Thursday, August 4, 2016

Writing Status Report

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I am pleased to report good progress on my writing.  The manuscript for Hemlock IV now stands at 91k words.  It is getting close to being done, and that is very exciting.  I did write a lot on vacation, as I had planned.  Unfortunately, I've only had limited success in preserving the writing momentum I'd established now that I've returned to normal life.

If you asked me whether I'm happy with the manuscript so far--I'd say yes.  It's surprising because I've learned to expect the unexpected, but it's turned out much as I expected it would.  The exception is the ending which has changed somewhat radically from what I'd envisioned earlier.

What have my latest inspirations been?  One inspiration has certainly been the Final Fantasy video game series--specifically Final Fantasy XIII, which I recently finished.  The imagery of that game is just amazing.  It's inspired me to take some of my written scenes "to the next level" in terms of visual description.

This is a bit of a tangent, but that's one thing that has always disappointed me just a bit about Tolkien's writing.  He never describes his magic in vivid detail--or maybe it's better to say that the magic in his world isn't very visual.  I guess that's alright (and I would never presume to criticize a master writer!).  But as a reader, I do like "special effects" in magic.  So I have made sure to have some good special effects in some of the climatic confrontations in Hemlock IV.

I am also pleased with how the character arcs are developing.  That's one thing that's been nearly effortless in writing this series.  The characters have just fallen into place.  I'd like to think that's due to some sort of serendipity, but since that assumes that I've actually done well writing the arcs, I will leave that to the reader to decide.

I'm feeling strangely cold and impartial as I preside over the final fates of certain characters.  Not everything is roses and Shangri-La at the end of the story.  Some characters fare worse than others, and I feel strangely detached about it.  I have grown attached to these characters.  Like Paul Atreides, I've asked myself "Where are my feelings"?  I'm hoping it's some natural function of remaining neutral as the story evolves organically.  Maybe, after a few years, I'll regret certain things about what I've written for these characters.  What I can say is none of the main characters have ignoble fates.  That's worth something, right?

I am anxious to complete the final chapters and move to the next phase which is beta reads.  I will do my best to keep things moving because I know the wait has been too long!

Saturday, June 18, 2016

A Yogi at the Intersection of Myth and Reality?

I recently finished reading a book called "Autobiography of a Yogi" by Paramahansa Yogananda.  This is a very interesting book.  The writing is beautiful--at least in my estimation.  Many seem to feel the prose is overwrought, but I think it conveys a sense of peace and spirituality.  The subject of the book is the author's life, the life of his guru and that of his guru's guru.  All of these yogis demonstrate miraculous powers with astonishing frequency.  The tale is presented as non-fiction, but a pragmatic mind can't help but wonder about all those miracles.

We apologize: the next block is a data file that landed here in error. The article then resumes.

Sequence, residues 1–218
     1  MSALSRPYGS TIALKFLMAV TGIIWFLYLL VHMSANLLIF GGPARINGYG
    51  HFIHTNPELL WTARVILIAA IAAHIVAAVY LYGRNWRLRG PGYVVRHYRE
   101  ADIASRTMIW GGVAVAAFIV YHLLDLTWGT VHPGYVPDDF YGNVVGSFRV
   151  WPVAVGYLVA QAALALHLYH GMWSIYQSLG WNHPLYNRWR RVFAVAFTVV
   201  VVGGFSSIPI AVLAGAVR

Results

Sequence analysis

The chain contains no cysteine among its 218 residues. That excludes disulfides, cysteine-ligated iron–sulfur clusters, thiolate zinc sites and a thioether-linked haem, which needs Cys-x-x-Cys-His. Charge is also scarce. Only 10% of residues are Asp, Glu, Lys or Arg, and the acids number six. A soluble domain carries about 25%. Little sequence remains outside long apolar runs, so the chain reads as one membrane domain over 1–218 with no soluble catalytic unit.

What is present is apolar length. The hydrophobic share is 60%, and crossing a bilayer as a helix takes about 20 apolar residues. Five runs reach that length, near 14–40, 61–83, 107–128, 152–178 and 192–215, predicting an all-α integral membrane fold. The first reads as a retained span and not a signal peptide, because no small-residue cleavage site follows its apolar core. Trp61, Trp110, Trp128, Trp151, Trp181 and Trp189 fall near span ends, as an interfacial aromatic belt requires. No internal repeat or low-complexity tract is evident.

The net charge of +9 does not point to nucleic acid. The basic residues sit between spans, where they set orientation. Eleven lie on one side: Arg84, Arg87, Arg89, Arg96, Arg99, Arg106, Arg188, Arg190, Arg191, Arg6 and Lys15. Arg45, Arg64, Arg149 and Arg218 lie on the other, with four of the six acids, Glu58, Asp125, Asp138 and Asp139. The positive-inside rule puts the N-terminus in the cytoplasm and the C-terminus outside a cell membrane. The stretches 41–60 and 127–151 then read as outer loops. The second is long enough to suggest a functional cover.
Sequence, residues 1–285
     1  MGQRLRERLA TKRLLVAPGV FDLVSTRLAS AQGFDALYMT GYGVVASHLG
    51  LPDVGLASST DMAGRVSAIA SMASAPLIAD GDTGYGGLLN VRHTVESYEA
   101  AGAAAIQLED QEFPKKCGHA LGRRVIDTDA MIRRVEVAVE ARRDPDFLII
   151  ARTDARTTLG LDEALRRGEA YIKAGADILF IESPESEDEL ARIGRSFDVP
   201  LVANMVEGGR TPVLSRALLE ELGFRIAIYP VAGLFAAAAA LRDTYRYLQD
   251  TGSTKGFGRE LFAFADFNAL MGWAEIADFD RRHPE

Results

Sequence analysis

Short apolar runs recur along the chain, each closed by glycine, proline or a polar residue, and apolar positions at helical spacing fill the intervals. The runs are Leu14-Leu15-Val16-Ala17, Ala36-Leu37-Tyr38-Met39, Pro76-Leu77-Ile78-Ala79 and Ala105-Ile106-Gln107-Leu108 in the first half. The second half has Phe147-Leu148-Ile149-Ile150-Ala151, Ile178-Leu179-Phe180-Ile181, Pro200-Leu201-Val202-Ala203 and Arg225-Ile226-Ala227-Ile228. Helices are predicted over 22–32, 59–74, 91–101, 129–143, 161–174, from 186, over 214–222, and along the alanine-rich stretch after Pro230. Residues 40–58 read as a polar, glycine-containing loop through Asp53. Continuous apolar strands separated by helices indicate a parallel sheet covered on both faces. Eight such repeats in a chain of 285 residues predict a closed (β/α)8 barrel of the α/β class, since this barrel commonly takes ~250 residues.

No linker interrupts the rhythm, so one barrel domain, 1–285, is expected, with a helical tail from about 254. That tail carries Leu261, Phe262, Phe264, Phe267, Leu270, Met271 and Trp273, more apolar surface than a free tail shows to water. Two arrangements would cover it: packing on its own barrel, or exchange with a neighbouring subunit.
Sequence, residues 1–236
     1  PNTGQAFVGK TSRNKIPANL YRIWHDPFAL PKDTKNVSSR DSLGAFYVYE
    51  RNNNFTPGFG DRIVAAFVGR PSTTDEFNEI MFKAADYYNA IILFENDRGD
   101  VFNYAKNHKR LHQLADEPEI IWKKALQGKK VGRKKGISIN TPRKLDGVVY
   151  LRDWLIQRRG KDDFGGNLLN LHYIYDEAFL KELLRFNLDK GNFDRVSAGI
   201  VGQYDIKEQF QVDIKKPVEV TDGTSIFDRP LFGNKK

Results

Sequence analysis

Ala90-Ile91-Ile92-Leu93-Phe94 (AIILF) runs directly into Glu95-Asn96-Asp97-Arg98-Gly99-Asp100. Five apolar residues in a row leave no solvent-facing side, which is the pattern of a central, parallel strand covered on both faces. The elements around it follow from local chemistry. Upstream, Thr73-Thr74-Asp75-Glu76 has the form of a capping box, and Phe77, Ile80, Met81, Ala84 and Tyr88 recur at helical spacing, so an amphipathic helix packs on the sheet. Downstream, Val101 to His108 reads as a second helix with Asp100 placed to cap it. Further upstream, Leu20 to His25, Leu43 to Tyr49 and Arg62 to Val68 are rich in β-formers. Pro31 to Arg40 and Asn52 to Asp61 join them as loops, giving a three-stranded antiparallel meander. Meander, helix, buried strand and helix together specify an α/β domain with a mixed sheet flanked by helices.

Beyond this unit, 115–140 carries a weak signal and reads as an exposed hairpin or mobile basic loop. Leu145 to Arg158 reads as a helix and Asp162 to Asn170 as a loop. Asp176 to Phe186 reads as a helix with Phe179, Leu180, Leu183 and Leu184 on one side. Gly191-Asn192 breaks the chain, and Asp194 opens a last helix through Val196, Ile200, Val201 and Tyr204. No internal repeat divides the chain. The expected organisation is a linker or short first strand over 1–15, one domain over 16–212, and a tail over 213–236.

The book was first published in 1946 and deals with the relationship between western and eastern spirituality and also the author's mission to bridge the cultural divide between India and the West.  In doing so, he comes across as an unabashed cheerleader for India--but one can't fault the author for patriotic ardor.  Given that the author founded a spiritual organization that persists to this day, I have a level of skepticism about the book given the potential for self-aggrandizement for financial gain (like Dianetics).  Still, I am intrigued by many of the spiritual ideas presented in the book.  I think of these spiritual ideas as assertions whereas the book treats them as "scientifically" vetted truths (proven via the practice of Kriya Yoga which the author equates to a science).  For instance, the author presents the idea that the Earth plane of existence is bordered by a higher "astral" realm and an even higher realm beyond that.  I could write a full blog post on that topic, but that idea resonates with my theories and spiritual experience. 

An example of the way the author tries to tie eastern and western religion together is by claiming there are subtle references to reincarnation in the bible (e.g.:  John the baptist is the reincarnation of Elijah, etc.).  What the author doesn't explain is how the metaphor of suffering as purification that the story of Jesus (and Christianity in general) seems to be infused with relates to eastern religion.  I don't get the sense that eastern religions see suffering as the best path to enlightenment, so I'm curious how the author would have explained that difference.  I can imagine the author responding that being apart from God is terrible suffering--but I am making a distinction between that and physical suffering like what Jesus endured.  The stories of these three yogis aren't laden with an excess of suffering.  Despite the almost mythical level of miracles presented and what I perceive as the lack of a complete analysis of the relationship between eastern and western religion, the book proved to be entertaining to read, inspirational and also thought provoking.  And that's about as much as I hope for in a book.